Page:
Onex To Buy Plants In Kansas and Oklahoma
The Boeing Company and Onex Corporation say they've reached an
agreement under which Onex will acquire the Wichita/Tulsa Division
of Boeing Commercial Airplanes.
The transaction includes Commercial Airplanes facilities and assets
in Wichita, Kansas, and Tulsa and McAlester, Oklahoma. Transaction
consideration to Boeing includes approximately $900 million cash,
transfer of certain liabilities and long-term supply agreements
that provide Boeing ongoing cost savings.
The single-source supply agreements cover the structures and
parts currently produced by the Wichita/Tulsa Division, providing a
stable base of revenue for the new business to build upon. In
addition, the Wichita/Tulsa operations will continue as a major
partner on the 787 Dreamliner.
The sale is expected to close during the second quarter of 2005.
Boeing expects to recognize a non-cash loss on the transaction
attributable to the transfer of pension related assets and
liabilities. Recognizing these non-cash charges at closing will
reduce future pension expenses. Boeing Integrated Defense Systems
operations in Wichita and Oklahoma are not included in the
"This agreement fully
supports our strategy to focus Boeing on large-scale systems
integration, which is where we are most competitive and can add the
most value to our airplanes and services," said Boeing Commercial
Airplanes President and Chief Executive Officer Alan Mulally.
"Boeing will benefit from lower procurement costs and the
Wichita/Tulsa operations now can grow by winning new business with
Mulally said Boeing selected Onex based on its successful
history of investing in and growing companies.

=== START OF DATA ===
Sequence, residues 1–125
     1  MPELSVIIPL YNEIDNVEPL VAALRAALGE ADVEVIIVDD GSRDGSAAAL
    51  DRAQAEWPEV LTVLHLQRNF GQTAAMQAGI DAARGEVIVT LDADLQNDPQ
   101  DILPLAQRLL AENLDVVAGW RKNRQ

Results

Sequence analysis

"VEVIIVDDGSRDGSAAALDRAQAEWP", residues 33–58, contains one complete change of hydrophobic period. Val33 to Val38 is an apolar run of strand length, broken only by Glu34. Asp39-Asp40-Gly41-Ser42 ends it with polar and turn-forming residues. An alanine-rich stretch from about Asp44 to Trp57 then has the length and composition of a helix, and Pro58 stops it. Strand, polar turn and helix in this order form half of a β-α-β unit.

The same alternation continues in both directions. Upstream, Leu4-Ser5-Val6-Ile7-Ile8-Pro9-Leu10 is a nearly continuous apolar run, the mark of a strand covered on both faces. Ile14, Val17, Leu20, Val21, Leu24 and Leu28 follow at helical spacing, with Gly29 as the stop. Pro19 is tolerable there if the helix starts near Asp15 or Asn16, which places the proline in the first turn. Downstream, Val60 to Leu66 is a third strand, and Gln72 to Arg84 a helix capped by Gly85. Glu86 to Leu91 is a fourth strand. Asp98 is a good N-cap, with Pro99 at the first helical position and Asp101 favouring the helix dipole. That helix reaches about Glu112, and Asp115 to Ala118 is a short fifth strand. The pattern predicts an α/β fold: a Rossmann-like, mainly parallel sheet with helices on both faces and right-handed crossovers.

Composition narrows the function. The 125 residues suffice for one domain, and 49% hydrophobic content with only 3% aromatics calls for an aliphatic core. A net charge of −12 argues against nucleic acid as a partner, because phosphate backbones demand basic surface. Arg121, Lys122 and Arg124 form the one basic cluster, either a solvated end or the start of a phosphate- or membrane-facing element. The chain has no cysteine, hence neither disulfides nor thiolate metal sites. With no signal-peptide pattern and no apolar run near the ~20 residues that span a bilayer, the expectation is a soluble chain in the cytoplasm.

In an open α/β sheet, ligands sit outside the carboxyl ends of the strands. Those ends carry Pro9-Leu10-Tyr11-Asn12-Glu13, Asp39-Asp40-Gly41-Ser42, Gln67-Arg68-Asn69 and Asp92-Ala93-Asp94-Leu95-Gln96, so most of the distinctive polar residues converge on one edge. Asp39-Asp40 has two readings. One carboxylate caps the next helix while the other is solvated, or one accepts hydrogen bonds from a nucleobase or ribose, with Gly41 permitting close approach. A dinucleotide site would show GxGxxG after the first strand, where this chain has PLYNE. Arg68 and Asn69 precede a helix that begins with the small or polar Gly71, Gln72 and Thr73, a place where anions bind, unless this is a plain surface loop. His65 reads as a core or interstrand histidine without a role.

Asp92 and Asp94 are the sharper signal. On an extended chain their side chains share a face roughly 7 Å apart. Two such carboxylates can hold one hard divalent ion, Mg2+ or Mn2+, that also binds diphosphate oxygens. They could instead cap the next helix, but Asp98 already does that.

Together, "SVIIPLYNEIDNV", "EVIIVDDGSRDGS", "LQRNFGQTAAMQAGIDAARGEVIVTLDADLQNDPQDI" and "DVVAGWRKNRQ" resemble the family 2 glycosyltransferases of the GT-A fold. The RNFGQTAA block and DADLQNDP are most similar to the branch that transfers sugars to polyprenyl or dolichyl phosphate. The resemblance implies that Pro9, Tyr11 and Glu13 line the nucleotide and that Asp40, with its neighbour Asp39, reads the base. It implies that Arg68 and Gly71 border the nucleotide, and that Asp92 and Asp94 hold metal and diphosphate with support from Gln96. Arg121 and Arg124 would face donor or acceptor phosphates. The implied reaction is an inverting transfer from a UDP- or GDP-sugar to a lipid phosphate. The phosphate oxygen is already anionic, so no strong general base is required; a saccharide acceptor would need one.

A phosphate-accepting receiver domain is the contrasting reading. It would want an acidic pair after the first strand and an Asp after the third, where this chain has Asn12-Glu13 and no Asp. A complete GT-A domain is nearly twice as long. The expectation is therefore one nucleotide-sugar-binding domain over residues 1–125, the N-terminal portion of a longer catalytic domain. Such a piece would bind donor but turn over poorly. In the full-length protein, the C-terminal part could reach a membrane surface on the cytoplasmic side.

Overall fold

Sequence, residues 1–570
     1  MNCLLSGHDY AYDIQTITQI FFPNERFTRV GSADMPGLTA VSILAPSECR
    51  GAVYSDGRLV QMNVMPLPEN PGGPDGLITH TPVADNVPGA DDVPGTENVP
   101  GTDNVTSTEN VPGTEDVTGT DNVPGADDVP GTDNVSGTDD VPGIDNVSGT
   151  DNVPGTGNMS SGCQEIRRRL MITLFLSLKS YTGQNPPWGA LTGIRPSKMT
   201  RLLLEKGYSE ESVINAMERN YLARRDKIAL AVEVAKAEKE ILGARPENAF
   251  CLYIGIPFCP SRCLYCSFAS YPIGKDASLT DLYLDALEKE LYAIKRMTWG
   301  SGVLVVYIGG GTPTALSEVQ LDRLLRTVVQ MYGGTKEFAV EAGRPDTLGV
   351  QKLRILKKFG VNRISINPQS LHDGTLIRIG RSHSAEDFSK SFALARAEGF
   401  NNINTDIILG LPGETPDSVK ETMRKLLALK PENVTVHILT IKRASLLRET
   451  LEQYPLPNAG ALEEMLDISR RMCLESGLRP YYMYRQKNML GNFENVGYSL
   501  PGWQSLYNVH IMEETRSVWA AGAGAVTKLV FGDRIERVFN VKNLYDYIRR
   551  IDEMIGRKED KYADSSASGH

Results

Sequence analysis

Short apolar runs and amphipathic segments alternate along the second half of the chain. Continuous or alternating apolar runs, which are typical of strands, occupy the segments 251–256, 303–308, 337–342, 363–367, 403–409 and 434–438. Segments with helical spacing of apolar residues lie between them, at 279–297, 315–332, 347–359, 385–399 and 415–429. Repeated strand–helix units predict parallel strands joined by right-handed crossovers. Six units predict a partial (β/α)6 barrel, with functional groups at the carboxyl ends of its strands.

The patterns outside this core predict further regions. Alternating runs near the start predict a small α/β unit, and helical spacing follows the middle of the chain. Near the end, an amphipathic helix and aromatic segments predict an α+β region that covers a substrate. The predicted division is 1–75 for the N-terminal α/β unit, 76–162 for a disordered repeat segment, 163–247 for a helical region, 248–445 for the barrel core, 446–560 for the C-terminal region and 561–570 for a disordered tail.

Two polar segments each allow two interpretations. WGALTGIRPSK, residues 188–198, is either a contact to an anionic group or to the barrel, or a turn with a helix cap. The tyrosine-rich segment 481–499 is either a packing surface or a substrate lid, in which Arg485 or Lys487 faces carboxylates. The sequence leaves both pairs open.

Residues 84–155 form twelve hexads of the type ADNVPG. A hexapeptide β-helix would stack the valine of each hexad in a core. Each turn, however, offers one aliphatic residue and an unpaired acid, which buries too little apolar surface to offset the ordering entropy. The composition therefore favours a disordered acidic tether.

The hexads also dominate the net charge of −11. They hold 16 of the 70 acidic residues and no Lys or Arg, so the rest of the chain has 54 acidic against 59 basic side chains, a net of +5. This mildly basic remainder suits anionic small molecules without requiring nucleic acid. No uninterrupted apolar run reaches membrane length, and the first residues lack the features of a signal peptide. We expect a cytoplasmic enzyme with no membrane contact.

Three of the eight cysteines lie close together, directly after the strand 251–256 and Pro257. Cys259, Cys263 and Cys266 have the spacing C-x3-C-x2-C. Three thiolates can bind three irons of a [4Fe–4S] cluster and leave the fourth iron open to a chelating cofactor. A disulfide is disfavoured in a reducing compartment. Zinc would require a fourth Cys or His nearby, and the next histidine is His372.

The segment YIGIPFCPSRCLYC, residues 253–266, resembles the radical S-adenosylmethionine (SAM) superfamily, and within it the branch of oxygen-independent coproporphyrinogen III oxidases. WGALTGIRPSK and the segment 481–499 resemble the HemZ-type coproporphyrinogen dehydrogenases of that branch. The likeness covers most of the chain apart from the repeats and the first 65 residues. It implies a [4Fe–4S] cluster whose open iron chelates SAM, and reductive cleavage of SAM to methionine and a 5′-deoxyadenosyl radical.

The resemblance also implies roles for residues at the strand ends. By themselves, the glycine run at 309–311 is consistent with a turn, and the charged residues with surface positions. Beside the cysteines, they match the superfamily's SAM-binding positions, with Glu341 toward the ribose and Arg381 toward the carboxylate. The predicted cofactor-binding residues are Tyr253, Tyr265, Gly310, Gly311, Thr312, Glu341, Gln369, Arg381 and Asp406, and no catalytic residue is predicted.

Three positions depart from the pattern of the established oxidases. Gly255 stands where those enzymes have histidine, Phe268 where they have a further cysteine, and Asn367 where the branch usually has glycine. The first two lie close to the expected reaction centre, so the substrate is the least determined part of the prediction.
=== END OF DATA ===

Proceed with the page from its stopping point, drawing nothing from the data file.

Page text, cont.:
Onex will form a new company to operate the facilities. The plants
will continue to operate under the leadership of Jeff Turner,
currently vice president and general manager of the Boeing
Commercial Airplanes Wichita Division, who will be the new
"Onex has a strategy to build the most efficient and innovative
company in the aerostructures industry. We intend to invest over $1
billion in Kansas and Oklahoma in the next few years," said Seth
Mersky, an Onex managing director.
Mersky said Onex's vision is to grow the value of the
Wichita/Tulsa operations over a number of years.
"We are committed to working in close partnership with the
current Wichita/Tulsa senior leadership team to make the transition
as seamless as possible," added Nigel Wright, another Onex managing
director. "The new company will compete for work inside and outside
of Boeing, providing potential for more, and more stable, jobs. The
key is to get the cost structure right."
Boeing announced in
April 2004 that it was studying the possible sale of its plants in
Wichita, Tulsa and McAlester. Boeing included balancing the
interests of employees, customers, shareholders and its plant
communities in its criteria for the decision.
"We firmly believe that this decision provides the best
available outcome for the Wichita/Tulsa Division and its plant
communities by creating new opportunities for sustained growth as a
separate operation. Onex shares this perspective, and we look
forward to a long and productive relationship together," Mulally
Approximately 9,000 Commercial Airplanes employees currently
work at the Wichita, Tulsa and McAlester sites. The division
incurred approximately $2.2 billion in annual costs for 2004. The
facilities currently supply Boeing with fuselage and other
structural components for the 737, 747, 767 and 777 programs, and
the division is a supplier partner on the 787 Dreamliner.
The transaction is subject to a number of conditions before
closing, including U.S. government reviews.